Reaction to React Server Components

March 17th, 2023

Code is fungible. There are no real constraints to code. The only real constraints are user and data. In the engineering org, those manifest in product engineers (who mostly write UI code) and infrastructure engineers (who are responsible for uptime and performance).

The server is pulled by these two gravitational wells. Historically, infrastructure mattered a lot more than product. After all, there is no product experience if you’re down. What’s happened with all these infrastructure as a service and even backend-as-a-service offerings is infrastructure is being commodified and outsourced, often at great expense but with great convenience. In parallel, user expectations have grown and product engineering has grown to meet them. The final result is product engineering has grown in importance and influence in most tech companies, by sheer weight of their numbers and salaries.

RSC is Meteor.js all over again. And maybe it the React machine (with Vercel at its helm) has gained enough technical credibility and (therefore) resourcing to make it work this time. GraphQL was the first attempt at pushing out of the browser’s sandbox and into the server. Damn the indices, full speed ahead! And while oh-so-pretty, basically no one who ran servers or databases was amused. So, after a few years of struggling with GraphQL adoption, here came RSC.

RSC after GraphQL failed

RSC is diametrically opposed to sqlc, my current favorite “ORM”. sqlc generates model code from the database schema instead of the other way around. It’s for database nerds who want to fine-tune their queries with SQL, reducing the number of round trips. RSC lets you write server code as if they were frontend components. In the problem of await waterfalls (where the render waits for the parent component’s requests to finish before the child component’s requests begin), this makes each cascade faster but doesn’t eliminate what is probably a LOT of redundant requests. Why deal with a thundering herd of n-requests when you might be able to do a single, indexed request?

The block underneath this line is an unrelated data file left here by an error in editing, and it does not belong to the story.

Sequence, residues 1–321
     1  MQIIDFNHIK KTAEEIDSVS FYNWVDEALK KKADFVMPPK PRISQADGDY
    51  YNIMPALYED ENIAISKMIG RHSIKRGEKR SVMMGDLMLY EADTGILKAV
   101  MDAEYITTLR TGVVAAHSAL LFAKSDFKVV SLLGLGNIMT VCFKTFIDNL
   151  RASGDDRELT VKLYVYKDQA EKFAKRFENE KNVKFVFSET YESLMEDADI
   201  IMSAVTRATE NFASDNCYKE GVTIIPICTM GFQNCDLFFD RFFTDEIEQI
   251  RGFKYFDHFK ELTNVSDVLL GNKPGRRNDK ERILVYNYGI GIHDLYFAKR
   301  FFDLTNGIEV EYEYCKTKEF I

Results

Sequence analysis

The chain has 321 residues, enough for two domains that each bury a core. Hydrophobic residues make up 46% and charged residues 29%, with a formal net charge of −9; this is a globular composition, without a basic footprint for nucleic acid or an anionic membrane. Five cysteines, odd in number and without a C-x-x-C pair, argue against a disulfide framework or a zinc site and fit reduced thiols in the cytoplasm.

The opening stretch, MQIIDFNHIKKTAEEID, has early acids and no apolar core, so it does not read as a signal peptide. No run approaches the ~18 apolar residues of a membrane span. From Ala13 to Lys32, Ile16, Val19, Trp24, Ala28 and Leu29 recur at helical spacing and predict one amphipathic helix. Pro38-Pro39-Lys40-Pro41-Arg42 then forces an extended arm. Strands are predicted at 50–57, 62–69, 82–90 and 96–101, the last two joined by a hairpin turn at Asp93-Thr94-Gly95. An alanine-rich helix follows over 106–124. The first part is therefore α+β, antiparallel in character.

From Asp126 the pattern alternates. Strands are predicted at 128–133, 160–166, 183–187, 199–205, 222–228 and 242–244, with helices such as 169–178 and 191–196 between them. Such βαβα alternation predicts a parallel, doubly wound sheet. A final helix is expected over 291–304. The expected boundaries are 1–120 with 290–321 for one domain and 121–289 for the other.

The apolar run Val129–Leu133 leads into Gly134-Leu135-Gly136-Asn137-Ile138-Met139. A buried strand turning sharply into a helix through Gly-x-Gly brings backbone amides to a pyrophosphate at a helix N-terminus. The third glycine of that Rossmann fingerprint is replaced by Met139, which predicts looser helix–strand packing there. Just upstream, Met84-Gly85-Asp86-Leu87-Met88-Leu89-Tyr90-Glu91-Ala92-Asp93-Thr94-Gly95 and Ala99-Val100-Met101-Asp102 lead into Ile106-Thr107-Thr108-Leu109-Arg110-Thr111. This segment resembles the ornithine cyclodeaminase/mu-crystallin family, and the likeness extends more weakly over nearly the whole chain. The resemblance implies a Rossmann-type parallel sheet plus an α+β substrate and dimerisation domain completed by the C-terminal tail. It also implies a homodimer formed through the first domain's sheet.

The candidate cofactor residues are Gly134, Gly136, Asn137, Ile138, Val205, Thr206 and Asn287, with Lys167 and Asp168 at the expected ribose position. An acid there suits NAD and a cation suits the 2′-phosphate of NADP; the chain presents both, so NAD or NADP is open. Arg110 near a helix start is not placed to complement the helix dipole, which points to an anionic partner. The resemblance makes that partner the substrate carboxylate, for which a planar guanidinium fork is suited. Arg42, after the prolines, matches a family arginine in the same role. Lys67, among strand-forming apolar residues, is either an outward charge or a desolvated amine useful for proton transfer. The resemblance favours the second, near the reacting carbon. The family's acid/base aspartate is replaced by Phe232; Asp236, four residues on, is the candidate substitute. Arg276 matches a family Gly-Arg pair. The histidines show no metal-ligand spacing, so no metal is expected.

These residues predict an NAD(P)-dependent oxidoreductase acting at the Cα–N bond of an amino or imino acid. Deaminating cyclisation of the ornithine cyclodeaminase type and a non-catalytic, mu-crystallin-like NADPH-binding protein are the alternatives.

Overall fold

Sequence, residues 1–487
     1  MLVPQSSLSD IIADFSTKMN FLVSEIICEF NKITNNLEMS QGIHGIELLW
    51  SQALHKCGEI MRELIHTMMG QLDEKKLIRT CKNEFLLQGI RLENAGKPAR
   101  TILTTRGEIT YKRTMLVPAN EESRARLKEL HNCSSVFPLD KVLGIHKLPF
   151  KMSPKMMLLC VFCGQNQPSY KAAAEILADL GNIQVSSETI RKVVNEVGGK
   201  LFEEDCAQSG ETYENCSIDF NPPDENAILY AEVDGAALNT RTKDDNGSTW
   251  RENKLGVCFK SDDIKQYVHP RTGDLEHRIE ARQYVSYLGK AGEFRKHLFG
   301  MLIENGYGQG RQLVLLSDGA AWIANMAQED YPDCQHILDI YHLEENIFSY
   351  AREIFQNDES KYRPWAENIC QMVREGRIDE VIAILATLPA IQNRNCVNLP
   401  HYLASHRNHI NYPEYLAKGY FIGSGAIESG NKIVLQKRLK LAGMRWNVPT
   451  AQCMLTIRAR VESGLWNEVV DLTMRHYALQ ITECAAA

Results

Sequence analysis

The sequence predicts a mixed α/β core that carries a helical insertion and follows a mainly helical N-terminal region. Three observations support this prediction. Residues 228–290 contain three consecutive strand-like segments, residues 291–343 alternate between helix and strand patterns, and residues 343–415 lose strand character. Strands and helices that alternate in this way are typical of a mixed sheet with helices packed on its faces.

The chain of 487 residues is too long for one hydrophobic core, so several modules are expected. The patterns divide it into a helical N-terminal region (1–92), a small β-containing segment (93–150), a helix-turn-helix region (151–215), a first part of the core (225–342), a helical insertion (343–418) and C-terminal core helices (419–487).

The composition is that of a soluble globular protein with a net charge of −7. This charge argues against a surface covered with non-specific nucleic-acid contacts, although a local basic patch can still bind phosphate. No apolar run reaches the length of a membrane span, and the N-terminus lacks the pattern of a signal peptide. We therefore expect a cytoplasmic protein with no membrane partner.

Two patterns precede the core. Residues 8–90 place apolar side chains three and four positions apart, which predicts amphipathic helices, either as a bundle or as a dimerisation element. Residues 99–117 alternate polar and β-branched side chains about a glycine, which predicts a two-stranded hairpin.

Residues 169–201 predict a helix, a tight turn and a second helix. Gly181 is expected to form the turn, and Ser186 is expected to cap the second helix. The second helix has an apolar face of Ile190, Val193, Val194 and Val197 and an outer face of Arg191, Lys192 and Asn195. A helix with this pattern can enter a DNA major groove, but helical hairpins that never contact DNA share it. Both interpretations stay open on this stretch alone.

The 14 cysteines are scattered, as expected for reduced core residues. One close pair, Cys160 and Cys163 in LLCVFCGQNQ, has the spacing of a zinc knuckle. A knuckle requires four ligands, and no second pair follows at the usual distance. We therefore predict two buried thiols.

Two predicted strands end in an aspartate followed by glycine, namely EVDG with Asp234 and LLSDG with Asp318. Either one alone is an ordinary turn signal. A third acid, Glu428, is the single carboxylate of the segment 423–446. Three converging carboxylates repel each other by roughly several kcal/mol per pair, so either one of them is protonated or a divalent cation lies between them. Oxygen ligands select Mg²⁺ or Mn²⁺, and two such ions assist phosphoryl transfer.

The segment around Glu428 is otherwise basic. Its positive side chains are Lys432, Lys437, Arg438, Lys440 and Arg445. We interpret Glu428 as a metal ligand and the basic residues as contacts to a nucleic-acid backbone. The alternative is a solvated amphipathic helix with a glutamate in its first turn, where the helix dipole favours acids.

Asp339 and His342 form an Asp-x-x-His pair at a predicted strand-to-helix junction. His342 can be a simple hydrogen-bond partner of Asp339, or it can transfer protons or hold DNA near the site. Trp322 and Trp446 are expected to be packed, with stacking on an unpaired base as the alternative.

That’s my problem with RSC. React is a view layer. It’s not a data access and transformation layer. React developers, determined that the server is holding them back (both in data latency and development speed), want to push this view layer further down the stack. This could work if you’re willing to accept not just responsibility for the server code, but for the data itself. And I’m not talking about React components querying JSON blobs from Mongo. But the data interface language being JavaScript. React Context shifting all the way back to the database, which is effectively a giant JavaScript Object that you query with JavaScript functions.

Why? Dan Abramov said it well: RSC were not about zero-bundle sizes or server-side rendering. It’s about bringing the rich ecosystem of components to the server. Imagine a hypothetical Suptext framework. It does the RSC thing but your data is colocated with your server code and even cached in memory with session backends. Accessing it is 10-100x faster than over the network. Waterfalls don’t matter because JavaScript is and always should have been the slowest part. You’d npm install suptext-form, slap <SuptextForm> into my React code, and that just works. Imagine collaborative text area as <SupTextArea>.

It’s a cool vision, but I don’t know if RSCs are a good idea. You’re attempting to paper over the server-client separation with magic. But good frameworks aren’t magic; they’re abstractions that make code easier to layout and maintain. Engineers should have to reason about the server-client boundary. Interface matters more than code. In fact, one of the most important concessions when rebuilding Numeracy for Snowflake was that the client-server API should use raw SQL.